• Hmm, aren't all countries capitalist these days? I'm not sure of this 'ideal worker' business - sounds more like another Stalinist distortion to me. It's certainly true, however, that many socialists would be opposed to us. I have had arguments with curebie socialists myself. Nonetheless I do believe that to understand why autistic people and 'disabled' people face such discrimination one has to start by analysing how capitalism seeks to control and exploit people.

    By Anonymous rocobley, at 1:12 PM  

  • I'm working on another post about disability prejudice. It's mainly about the origin of prejudice in prehistoric tribal behavior (fear of The Other), but I'll throw in a bit of corporation-bashing just for you.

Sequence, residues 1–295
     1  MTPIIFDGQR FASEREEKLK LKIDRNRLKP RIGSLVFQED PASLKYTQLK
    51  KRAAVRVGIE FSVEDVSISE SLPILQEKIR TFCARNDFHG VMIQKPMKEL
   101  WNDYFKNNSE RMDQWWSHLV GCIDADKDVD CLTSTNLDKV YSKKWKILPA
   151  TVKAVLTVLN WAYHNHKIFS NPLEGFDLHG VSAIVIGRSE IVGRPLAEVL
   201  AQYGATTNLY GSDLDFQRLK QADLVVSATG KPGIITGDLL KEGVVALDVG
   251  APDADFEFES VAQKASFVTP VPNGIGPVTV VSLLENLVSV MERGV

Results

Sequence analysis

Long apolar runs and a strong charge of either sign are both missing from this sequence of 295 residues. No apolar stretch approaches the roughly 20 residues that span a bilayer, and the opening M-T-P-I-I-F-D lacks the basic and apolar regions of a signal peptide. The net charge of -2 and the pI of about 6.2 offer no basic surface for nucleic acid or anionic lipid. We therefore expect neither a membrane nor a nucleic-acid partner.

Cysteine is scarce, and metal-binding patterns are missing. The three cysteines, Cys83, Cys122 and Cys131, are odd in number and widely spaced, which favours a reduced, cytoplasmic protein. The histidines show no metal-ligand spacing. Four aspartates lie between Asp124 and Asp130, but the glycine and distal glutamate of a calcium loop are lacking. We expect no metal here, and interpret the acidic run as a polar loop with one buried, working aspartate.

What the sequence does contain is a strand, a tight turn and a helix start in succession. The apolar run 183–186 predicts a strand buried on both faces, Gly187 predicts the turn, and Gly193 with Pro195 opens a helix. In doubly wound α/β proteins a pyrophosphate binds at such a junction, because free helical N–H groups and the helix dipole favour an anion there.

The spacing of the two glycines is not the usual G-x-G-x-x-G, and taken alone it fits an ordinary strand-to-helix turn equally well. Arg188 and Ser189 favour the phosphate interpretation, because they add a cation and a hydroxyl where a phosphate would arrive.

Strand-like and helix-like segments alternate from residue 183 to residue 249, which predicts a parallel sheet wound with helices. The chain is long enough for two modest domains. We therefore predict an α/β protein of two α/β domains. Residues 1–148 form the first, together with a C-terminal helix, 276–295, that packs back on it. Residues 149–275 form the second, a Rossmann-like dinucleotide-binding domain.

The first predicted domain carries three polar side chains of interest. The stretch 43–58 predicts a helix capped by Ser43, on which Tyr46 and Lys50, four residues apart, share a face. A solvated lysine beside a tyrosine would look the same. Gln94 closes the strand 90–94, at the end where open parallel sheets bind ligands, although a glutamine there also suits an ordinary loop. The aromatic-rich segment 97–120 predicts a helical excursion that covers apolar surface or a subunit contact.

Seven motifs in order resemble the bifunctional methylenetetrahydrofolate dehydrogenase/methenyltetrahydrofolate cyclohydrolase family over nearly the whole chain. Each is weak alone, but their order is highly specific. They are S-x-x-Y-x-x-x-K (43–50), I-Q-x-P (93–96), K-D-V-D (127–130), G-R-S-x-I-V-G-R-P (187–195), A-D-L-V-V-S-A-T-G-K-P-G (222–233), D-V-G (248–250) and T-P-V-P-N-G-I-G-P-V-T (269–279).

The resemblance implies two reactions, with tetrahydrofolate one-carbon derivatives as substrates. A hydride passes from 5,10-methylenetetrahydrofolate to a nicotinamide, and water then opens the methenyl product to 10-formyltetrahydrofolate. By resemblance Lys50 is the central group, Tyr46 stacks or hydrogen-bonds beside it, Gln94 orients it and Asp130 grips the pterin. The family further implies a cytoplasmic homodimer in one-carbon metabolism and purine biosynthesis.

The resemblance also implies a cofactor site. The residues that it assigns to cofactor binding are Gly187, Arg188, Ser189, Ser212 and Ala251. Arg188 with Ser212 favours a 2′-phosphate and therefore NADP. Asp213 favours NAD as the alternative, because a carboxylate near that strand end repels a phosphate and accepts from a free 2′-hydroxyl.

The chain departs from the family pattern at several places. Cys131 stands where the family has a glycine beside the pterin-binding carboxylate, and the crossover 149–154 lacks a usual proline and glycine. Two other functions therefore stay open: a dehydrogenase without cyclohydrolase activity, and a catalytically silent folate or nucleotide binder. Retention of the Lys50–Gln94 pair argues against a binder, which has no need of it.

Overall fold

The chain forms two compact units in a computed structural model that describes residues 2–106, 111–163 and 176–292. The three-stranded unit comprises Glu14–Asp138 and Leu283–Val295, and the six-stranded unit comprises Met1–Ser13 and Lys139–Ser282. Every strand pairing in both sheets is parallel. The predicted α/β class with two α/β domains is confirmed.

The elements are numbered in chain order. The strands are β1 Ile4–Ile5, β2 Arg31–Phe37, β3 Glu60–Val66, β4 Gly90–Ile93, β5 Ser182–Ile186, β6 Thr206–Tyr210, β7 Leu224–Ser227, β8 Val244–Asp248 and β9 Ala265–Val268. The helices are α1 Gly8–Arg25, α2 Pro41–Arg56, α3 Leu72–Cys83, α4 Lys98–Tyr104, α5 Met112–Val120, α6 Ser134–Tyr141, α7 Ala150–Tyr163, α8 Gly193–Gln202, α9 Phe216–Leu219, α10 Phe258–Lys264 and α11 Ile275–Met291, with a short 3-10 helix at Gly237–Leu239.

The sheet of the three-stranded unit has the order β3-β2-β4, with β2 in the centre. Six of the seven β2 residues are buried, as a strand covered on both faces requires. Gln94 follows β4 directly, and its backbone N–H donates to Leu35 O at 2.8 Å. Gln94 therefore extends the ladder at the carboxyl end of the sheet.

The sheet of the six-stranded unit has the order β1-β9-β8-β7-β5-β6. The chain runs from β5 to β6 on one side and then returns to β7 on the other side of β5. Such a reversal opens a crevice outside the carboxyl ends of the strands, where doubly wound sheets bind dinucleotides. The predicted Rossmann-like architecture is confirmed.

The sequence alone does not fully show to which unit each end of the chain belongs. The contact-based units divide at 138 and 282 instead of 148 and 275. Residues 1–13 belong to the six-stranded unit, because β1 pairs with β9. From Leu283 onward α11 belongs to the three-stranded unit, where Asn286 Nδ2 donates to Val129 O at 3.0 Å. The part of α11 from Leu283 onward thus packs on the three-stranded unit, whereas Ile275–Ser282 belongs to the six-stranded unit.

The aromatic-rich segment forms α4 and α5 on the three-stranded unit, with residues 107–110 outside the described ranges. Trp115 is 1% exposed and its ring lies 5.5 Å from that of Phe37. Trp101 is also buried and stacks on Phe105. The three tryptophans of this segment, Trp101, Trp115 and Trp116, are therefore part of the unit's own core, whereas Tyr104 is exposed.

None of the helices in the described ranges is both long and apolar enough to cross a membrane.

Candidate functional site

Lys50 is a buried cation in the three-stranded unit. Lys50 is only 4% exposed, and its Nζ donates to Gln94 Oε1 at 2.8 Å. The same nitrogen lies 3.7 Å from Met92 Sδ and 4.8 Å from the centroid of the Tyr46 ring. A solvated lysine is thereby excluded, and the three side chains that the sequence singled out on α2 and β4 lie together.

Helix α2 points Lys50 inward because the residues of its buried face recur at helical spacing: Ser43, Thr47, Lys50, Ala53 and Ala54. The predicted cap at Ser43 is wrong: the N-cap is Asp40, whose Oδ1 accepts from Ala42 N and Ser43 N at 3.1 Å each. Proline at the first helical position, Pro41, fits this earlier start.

;-)

    By Blogger abfh, at 8:28 PM  

  • "...but our schools need to focus on actually educating students, rather than churning out compliant test drones and job-interview monkeys."

    Educational psychologist here.

    I agree entirely with that.

    David N. Andrews BA-status, PgCertSpEd (pending)
    Kotka, Finland

    By Anonymous Anonymous, at 4:34 PM  

  • My issue is Zyprexa which is only FDA approved for schizophrenia (.5-1% of pop) and some bipolar (2% pop) and then an even smaller percentage of theses two groups.
    So how does Zyprexa get to be the 7th largest drug sale in the world?

    Eli Lilly is in deep trouble for using their drug reps to 'encourage' doctors to write zyprexa for non-FDA approved 'off label' uses.

    The drug causes increased diabetes risk,and medicare picks up all the expensive fallout.There are now 7 states (and counting) going after Lilly for fraud and restitution.

    --
    Daniel Haszard

    By Anonymous Daniel Haszard, at 4:30 PM